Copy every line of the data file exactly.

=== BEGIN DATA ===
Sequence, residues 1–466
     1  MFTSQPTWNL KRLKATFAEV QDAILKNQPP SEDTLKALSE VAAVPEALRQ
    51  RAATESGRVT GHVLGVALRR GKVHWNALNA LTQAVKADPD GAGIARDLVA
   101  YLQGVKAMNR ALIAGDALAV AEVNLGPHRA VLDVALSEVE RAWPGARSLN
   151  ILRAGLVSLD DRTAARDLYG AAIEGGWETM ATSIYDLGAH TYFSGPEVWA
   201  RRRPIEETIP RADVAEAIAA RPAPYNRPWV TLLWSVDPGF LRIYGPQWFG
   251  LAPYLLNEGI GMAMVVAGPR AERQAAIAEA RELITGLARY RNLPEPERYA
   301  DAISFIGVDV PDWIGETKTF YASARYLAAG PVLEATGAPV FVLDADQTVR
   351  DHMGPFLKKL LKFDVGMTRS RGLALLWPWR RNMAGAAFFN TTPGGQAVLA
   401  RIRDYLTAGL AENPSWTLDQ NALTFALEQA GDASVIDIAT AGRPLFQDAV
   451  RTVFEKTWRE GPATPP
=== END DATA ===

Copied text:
Sequence, residues 1–466
     1  MFTSQPTWNL KRLKATFAEV QDAILKNQPP SEDTLKALSE VAAVPEALRQ
    51  RAATESGRVT GHVLGVALRR GKVHWNALNA LTQAVKADPD GAGIARDLVA
   101  YLQGVKAMNR ALIAGDALAV AEVNLGPHRA VLDVALSEVE RAWPGARSLN
   151  ILRAGLVSLD DRTAARDLYG AAIEGGWETM ATSIYDLGAH TYFSGPEVWA
   201  RRRPIEETIP RADVAEAIAA RPAPYNRPWV TLLWSVDPGF LRIYGPQWFG
   251  LAPYLLNEGI GMAMVVAGPR AERQAAIAEA RELITGLARY RNLPEPERYA
   301  DAISFIGVDV PDWIGETKTF YASARYLAAG PVLEATGAPV FVLDADQTVR
   351  DHMGPFLKKL LKFDVGMTRS RGLALLWPWR RNMAGAAFFN TTPGGQAVLA
   401  RIRDYLTAGL AENPSWTLDQ NALTFALEQA GDASVIDIAT AGRPLFQDAV
   451  RTVFEKTWRE GPATPP